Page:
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Ellen Is Super Sad That Everyone Thinks She's Mean, You Guys

By Kayleigh Donaldson | Celebrity | May 13, 2020 |

By Kayleigh Donaldson | Celebrity | May 13, 2020 |

Ellen Show From Home YouTube 1.png

It’s been a weird year for Ellen DeGeneres, so far. The once-unimpeachable force of daytime talk and the ‘queen of nice’ has seen her pristine public image take a few hits. It turns out that people aren’t wild when you pal around with a war criminal then claim that doing so is an act of true kindness. Huh, the more you know. This, however, goes well above and beyond her public friendship with George W. Bush. What was once a much-discussed industry secret is now one of 2020’s biggest celeb gossip stories: Just how mean is Ellen, really, and why is it that so many people in Hollywood openly can’t stand her?

Comedian Kevin T. Porter helped bring many of those stories to light with a Twitter thread that quickly went viral. He invited people to share their experiences with the woman he described as ‘notoriously one of the meanest people alive,’ all in the name of charity, of course.

I wrote last month about how Ellen’s weaponized and commodified image of uber-niceness was falling apart at the seams thanks to endless displays of privilege, cluelessness, and an impossible-to-ignore aura of disdain that now emanates from her beloved talk-show. Even some former guests are speaking out, including beauty YouTuber Nikkie de Jager (a.k.a. NikkieTutorials), who said that Ellen was ‘cold and distant’ when she appeared on the series.

There just seems to be something in the air right now that’s left people with very little tolerance for bullsh*t. We don’t have much time for multi-millionaires complaining that dealing with lockdown from their mansions is just like prison while they treat their staff like dirt. ‘Nice’ is not the same thing as ‘good.’

Now, these issues are apparently making Ellen feel sad. According to a source in Us Weekly, ‘Ellen is at the end of her rope.’ The woman who made ‘be kind’ not only her motto but her literal brand — order her subscription boxes now! — thought that ‘this was all just sour grapes from a few haters. But it’s not a passing thing — the hits just keep coming.’

In fairness, the hits have been coming for years. It’s just that people are listening now. Anyone in the comedy world knows about how Ellen, while crossing picket lines during the Writer’s Strike, reportedly fired her former head writer Karen Kilgariff (now of the wildly popular podcast My Favorite Murder) because she wouldn’t do the same. Last year, writer Dan Sheehan tweeted, ‘When you move to LA the first two things that happen are you get a parking ticket and someone who once worked for Ellen will tell you a story about how she’s a monster.’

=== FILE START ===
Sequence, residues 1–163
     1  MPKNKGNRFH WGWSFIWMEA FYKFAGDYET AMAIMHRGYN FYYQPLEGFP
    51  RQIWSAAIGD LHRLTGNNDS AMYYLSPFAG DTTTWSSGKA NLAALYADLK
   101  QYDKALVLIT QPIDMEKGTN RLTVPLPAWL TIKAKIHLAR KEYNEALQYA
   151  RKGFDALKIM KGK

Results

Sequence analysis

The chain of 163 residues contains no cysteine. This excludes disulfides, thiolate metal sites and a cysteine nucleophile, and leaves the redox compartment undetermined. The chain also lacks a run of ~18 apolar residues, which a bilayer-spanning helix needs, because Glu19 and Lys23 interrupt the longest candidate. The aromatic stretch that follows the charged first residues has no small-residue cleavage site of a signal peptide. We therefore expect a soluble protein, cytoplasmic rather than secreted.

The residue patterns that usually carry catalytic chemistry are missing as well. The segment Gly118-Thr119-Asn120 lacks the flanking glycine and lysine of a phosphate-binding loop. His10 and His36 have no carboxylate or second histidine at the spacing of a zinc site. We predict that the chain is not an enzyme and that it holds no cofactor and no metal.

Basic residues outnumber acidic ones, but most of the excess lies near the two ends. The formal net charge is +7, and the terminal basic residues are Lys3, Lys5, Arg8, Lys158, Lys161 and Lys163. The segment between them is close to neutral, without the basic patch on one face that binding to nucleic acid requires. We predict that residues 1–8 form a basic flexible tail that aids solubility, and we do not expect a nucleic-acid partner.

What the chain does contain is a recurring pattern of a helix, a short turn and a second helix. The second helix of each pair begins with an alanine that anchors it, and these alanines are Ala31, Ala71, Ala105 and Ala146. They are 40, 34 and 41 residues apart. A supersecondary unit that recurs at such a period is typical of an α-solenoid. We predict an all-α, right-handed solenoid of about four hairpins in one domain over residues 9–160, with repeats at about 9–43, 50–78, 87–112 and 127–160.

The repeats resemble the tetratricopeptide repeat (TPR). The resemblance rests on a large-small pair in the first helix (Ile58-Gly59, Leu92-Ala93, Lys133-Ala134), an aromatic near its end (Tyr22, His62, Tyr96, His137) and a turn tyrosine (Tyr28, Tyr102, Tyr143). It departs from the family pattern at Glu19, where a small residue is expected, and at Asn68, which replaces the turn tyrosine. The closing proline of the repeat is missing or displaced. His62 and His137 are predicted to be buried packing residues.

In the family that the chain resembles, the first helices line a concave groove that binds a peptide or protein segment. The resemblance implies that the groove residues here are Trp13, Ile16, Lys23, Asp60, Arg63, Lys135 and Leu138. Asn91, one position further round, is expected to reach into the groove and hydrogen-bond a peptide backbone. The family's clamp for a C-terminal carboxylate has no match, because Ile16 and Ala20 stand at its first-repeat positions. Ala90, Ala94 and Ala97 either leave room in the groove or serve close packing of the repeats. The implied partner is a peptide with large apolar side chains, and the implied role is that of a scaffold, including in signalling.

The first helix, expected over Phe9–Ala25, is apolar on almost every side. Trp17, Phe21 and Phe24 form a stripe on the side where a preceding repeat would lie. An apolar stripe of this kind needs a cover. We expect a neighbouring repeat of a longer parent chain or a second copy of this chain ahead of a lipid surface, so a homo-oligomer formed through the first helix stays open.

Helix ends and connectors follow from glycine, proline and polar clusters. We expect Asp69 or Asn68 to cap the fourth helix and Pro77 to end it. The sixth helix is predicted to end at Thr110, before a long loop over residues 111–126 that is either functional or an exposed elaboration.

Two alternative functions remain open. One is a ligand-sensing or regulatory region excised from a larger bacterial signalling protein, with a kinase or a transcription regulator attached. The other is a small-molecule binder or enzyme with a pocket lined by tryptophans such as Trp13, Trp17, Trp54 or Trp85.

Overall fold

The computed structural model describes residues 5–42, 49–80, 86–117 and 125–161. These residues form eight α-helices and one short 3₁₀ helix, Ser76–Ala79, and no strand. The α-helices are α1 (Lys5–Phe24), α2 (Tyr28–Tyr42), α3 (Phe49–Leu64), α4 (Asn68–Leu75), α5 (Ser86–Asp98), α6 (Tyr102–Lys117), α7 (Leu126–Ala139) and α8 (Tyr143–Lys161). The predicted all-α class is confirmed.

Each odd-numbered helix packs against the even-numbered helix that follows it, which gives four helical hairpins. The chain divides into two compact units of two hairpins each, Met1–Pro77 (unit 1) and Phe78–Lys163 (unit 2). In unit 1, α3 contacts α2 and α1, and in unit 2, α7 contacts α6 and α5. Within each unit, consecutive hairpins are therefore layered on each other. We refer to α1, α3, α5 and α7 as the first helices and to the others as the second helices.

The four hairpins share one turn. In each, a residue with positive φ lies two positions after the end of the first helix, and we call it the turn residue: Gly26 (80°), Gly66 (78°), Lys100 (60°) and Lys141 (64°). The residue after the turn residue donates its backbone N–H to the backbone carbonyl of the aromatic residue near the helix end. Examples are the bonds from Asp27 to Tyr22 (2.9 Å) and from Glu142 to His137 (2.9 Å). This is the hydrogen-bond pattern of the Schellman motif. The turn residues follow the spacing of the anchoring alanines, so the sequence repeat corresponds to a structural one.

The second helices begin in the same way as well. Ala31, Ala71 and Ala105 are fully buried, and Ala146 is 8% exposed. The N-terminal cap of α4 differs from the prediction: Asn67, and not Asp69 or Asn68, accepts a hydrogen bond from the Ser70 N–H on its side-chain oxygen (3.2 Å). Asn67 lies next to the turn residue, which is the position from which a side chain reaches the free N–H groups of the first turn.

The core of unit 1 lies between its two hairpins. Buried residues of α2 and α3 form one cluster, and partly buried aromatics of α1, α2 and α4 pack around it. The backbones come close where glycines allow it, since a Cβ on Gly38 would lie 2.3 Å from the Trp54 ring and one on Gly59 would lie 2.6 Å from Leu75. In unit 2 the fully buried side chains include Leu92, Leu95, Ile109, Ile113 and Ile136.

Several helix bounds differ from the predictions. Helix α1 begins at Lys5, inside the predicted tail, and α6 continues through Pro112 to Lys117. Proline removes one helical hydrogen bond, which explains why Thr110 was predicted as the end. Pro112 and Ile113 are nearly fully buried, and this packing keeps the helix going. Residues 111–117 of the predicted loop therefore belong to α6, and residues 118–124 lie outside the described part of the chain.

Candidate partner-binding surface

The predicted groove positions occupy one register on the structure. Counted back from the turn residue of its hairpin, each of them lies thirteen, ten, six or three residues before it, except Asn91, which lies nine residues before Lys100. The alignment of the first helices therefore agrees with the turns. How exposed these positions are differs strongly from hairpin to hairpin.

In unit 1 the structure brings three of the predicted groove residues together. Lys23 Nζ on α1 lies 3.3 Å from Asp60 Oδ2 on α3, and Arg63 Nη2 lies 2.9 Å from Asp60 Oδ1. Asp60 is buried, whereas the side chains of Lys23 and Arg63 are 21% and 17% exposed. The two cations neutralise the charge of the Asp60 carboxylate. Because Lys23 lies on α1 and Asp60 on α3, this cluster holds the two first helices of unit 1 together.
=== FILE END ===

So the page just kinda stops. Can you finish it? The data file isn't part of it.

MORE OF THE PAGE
A second source in the Us Weekly piece says that Ellen’s best response is just being happy Ellen on the show every day’ and that ‘it’ll take a lot more than a bodyguard and a blogger to change how people feel about her.’ Them’s fighting words, source. They’re not wrong, though.

Ellen is a level of famous and beloved that few people, alive or dead, have ever reached. She is credited not only as a wildly popular figure but a trusted and influential one. For millions of people, her show is their idea of heaven and she is their undisputed hero. DeGeneres’s branding is so laser-focused in its agenda that it doesn’t matter how disinterested or outright nasty she is on her show: The Be Nice message wins out every single time. Do as she says, not as she does. For us Always Online folks, this gossip is fun and nothing new, but I doubt it’ll impact that core demographic that remains so zealously pro-Ellen.

Still, it is fascinating that we even have these ‘sources’ talking to Us Weekly in the first place. Remember, aside from People, it’s Us Weekly that the major names go to with their news. If a source says it in one of those two publications then the chances are that it’s true and that someone’s PR team wants you to know that. You won’t see Us Weekly publishing any exposes on Ellen’s meanness. That would hurt their soft-ball approach and turn off both their audience and the celebrities with whom they want to maintain a mutually beneficial relationship.

So, why have her team go to a weekly glossy gossip magazine over sticking to her own social media or even getting the message out on her show? I’m sure there would be a gaggle of fans ready to gobble up her every word. I think the pandemic is the reason she’s taking this approach. That bullsh*t George W. Bush explanation only worked because she had a cheering audience to give it to. Can you imagine Ellen, sitting in her obscenely expensive home, all alone except for Portia and a non-union crew, getting sad about how she’s actually a nice person and those meanies won’t leave her alone? Any YouTuber worth their salt would know that’s an abysmal strategy. No, stick to the old ways and pretend you’re totally above it all. That’ll work. For now.

Header Image Source: YouTube // Ellen